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Beautiful Sunbird (Cinnyris pulchellus) Fact Sheet: Population & Conservation Status

Population Status

  • Common and widespread throughout its range, where habitat is suitable (Fry et al. 2000; Cheke et al. 2001; Cheke and Mann 2008)
    • West Africa: Senegal, Gambia, Mauritania (Cheke et al. 2001)
    • Ghana, Togo, Nigeria (Cheke et al. 2001)
      • Resident and wet-season visitor
    • Also, Ethiopia, Sudan south of Atbara, and north Uganda (Cheke et al. 2001)
  • May be seasonally common (Cheke et al. 2001)
  • Of limited conservation concern (Dowsett-Lemaire and Dowsett 2014)
    • Habitat changes
      • Sunbirds generally able to adapt if changes not too severe [sunbirds, general] (Cheke and Mann 2008)
      • Use human-altered habitats (e.g., gardens)
    • Cagebird trade (Cheke and Mann 2008; BirdLife International 2012)
      • Attractive plumage, but only minor international use as cagebirds/pets
      • Singing abilities not admired
      • Difficult to keep in managed care

Conservation Status

IUCN

  • Least Concern (2016 assessment) (BirdLife International 2016)
  • Large range (see Distribution)
    • Estimated extent: 5.65 million km2 (BirdLife International 2012)
  • Stable population trend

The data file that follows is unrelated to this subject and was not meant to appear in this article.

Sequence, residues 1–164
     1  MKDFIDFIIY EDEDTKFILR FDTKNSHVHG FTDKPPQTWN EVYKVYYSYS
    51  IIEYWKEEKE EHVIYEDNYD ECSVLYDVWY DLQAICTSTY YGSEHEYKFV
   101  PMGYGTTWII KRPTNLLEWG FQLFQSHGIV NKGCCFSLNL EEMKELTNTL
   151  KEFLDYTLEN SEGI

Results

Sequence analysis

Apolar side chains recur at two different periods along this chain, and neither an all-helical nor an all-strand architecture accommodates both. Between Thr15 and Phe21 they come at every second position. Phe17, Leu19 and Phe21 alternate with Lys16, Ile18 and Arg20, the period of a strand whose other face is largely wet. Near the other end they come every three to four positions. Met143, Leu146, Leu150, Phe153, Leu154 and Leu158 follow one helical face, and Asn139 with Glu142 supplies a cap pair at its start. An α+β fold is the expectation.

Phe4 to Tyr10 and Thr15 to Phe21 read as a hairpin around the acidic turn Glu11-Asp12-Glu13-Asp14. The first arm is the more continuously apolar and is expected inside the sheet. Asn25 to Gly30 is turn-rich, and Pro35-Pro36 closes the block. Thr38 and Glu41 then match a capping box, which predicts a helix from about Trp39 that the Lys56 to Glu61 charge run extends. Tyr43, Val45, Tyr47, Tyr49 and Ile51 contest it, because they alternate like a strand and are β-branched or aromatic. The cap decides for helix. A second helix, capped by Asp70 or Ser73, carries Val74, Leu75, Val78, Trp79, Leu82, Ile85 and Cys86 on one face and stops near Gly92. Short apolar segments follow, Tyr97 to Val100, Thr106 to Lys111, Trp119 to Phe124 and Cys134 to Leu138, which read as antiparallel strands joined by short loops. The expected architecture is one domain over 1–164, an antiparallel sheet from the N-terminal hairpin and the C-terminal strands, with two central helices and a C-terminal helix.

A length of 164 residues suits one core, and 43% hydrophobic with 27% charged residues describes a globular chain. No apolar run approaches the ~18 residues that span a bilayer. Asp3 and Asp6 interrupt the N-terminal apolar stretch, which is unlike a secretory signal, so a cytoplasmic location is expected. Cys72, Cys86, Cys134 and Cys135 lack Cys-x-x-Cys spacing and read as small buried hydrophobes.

• Population size has not been quantified
    • Described as common (IUCN cites Cheke et al. 2001)

CITES

  • Not listed (as of Oct 2018) (UNEP 2018)
  • Occurs in many protected areas
    • For example, Comoé National Park (Ivory Coast), Waza National Park (Cameroon), Awash National Park (Ethiopia), Murchison Falls National Park (Uganda), Serengeti and Arusha National Parks (Tanzania) (Cheke and Mann 2008)
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Threats to Survival

Potentially, habitat loss and degradation

  • Types of habitat loss
    • Logging forests for conversion to agriculture (Winkler et al. 2015)
    • Logging riparian habitat (Dowsett-Lemaire and Dowsett 2014)
    • Flooding of C. pulchellus habitat by humans (Dowsett-Lemaire and Dowsett 2014)
    • Replacing native tree species with non-natives (Cheke and Mann 2008)
  • Difficult to quantify effects of habitat degradation [sunbirds, general] (Cheke and Mann 2008)
    • May shift habitat use to human-made habitats
      • Occurrence in these areas may misleadingly give an impression of a stable, adaptable population
      • Sunbirds differ in their ability to adapt to urban areas (cities) (Pauw and Louw 2012)

Management Actions

[sunbirds, general] (Cheke and Mann 2008)

Sunbird species with small, restricted ranges are at high risk.

Protection of sunbird habitat

  • Long-term conservation of important habitats
    • Prevention of illegal forestry, coastal forestry, and destruction of other habitats
  • Prevention of severe habitat fragmentation
  • Conservation awareness programs, especially regarding land use and water use

Garden Dweller

Beautiful Sunbird drinking from a hose

A Beautiful Sunbird, Cinnyris pulchellus, drinks from a garden hose. Male in non-breeding plumage, with elongated tail feathers.

Sunbirds use human-made habitats, such as gardens, in addition to natural habitats.

Image credit: © Philippe Boissel at Flickr. All rights reserved. Used with permission from the artist.

Image details: Taken 06 February 2012 in Senegal.

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